There’s a large number of high quality programmes now available on tv. Shows including Heroes, The Sopranos and The Office all provide fantastic (if edgy) entertainment. So, how do they stand up to games – the other pastime where you’re in front of the box? Well let’s look at a few areas of comparison:
Games have traditionally had a very simple, very poor Aristotealean (and basic) narrative. TV on the other hand seems to be in a bit of a renaissance at the momement with layered, deep storylines offering much to the audience. Games such as Psychonauts, Half Life 2 and Neverwinter Nights 2 are giving more to the player of late, offering a better sense of their place in the virtual world.
Obviously games pip this one, as they are based on manipulating and interacting with things/objects/people/places within a virtual space. Even Pong followed this principle. Games are now rich and diverse, offering almost as many varied experiences as you can think of. TV is now offering, by comparison, much more interactivity. Let’s take a look at some ways in which it is doing so:
IPTV is the latest buzz-word that’s going around, helped no doubt by Apple TV and all manner of things. Here in the UK Channel 4 has recently released an on-demand download service, so this looks to be really taking off. For those of you who aren’t sure what all the fuss is about, if you have a computer (or other sort of tech kit I’ll cover later) you can choose your own tv schedule by downloading what you want to watch, when you want to watch it.
Games are now becoming more mainstream and in fact they’re being built into all manner of TV shows, ads and all sorts of things. Marketing campaigns are now converging across all platforms (TV and computer/internet) and games are a part of that strategy to suck people into the brand.
The ‘red’ button is now synonymous with Sky TV, at least over here in the UK. Essentially, you hit the button and you can be presented with all sort of interactive stuff – this could be a camera angle choice, a game or a new music video. All of this from a single button press. Impressive huh?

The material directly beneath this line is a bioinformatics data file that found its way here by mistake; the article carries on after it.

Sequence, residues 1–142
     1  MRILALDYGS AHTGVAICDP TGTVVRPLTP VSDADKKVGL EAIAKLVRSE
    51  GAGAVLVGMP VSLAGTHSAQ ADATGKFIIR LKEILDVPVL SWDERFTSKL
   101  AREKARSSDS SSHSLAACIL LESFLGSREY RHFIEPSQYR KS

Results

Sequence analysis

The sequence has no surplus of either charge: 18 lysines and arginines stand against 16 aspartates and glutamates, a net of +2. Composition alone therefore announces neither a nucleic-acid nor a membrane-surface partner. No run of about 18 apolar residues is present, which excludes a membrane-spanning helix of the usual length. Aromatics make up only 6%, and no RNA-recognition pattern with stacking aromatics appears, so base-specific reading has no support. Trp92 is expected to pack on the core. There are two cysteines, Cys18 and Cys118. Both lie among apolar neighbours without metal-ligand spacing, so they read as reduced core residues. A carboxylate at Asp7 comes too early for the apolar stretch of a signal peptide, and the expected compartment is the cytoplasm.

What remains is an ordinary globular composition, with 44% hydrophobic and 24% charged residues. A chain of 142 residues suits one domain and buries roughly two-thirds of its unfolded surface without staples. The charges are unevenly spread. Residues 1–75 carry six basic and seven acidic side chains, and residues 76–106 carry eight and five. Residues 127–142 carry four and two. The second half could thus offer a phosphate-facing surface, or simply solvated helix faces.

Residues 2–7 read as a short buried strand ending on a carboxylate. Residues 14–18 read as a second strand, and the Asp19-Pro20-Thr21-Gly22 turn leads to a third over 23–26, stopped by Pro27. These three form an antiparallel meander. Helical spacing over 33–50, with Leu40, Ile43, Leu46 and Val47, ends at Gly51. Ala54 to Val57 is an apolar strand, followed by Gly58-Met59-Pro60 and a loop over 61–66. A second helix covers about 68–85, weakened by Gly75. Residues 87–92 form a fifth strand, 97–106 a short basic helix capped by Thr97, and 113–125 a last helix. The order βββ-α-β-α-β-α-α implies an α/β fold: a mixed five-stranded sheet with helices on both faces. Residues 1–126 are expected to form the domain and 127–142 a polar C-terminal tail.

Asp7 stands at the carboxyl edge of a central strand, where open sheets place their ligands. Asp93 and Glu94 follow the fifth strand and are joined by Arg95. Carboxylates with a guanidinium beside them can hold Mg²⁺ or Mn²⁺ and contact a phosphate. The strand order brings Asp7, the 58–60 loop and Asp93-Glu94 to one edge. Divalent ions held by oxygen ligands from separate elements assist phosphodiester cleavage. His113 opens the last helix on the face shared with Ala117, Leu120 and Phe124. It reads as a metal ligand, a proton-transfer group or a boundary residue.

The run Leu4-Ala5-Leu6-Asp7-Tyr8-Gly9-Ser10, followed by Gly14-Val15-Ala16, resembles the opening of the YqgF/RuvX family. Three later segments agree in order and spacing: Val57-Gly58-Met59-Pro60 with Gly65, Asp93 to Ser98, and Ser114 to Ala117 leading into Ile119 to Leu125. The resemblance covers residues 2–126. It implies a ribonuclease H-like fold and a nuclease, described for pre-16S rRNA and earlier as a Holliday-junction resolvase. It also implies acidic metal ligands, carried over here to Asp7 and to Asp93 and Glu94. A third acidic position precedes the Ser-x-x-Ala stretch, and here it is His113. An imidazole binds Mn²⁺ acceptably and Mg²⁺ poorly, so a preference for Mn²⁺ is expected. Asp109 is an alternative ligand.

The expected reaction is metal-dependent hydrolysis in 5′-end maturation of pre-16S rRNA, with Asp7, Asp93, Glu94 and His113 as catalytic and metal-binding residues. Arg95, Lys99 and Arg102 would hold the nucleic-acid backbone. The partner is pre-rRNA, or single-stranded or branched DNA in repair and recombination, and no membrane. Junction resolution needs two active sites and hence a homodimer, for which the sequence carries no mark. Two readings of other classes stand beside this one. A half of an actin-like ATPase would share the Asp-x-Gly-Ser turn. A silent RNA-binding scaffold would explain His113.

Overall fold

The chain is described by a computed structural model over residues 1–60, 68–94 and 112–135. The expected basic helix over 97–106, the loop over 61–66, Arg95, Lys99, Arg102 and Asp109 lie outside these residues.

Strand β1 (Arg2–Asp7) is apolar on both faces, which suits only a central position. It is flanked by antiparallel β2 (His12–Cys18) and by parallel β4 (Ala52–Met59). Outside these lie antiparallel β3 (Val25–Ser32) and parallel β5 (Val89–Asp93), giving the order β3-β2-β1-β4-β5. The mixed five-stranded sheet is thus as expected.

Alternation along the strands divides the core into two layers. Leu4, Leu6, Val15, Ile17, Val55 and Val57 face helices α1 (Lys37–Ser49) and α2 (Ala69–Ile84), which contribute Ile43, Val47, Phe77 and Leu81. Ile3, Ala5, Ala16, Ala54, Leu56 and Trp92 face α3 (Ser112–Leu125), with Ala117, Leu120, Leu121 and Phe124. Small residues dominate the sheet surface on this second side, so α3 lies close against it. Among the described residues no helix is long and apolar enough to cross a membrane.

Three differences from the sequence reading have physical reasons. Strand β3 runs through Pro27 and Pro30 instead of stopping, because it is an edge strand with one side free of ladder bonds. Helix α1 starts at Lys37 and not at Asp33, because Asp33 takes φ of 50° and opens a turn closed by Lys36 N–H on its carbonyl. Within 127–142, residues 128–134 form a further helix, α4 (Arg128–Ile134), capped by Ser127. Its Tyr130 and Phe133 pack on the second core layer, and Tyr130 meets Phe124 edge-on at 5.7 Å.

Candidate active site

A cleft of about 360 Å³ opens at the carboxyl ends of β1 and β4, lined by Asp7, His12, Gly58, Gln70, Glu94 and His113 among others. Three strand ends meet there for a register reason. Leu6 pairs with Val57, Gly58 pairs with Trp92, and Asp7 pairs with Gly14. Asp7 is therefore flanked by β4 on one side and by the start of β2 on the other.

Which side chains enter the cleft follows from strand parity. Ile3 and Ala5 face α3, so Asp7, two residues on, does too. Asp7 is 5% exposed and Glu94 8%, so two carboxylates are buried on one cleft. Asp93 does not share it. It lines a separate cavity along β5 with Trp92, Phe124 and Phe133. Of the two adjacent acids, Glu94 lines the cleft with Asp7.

We touched on this briefly in the last section, but Freeview here in the UK even allows you to change camera angles. This was most impressive during the Olympics when you could actually choose which sport to watch live. Never before has TV given the viewer EXACTLY what they want in this way.
Teletext was almost a precursor to widespread Internet use over here in the UK. I’m not sure if it was ever apparent in the US but basically it is pages of text information, about whatever subject that the provider decided but commonly it was news, weather and tv. Digital teletext is a long overdue upgrade giving a wider selection of information, much faster speed and a more user-friendly interface.
Tivo and Skyplus are pretty much the same service but for two separate countries. Basically, you can record your favourite shows and channels – or even set the box to record whenever a particular show is on. It is top notch kit and very much worth investing in.
So what does all this technology around the tv tell us? Well, as interactivity increases, we’re seeing the fact that power is now being put in the hands of the viewer. They are taking back the television. For that reason alone all of these developments are going completely in the right direction – and coupled with HD I think in a few years TV will go beyond even all of these to transcend and pre-empt the viewing choices of the audience behind the big (but thing) black box.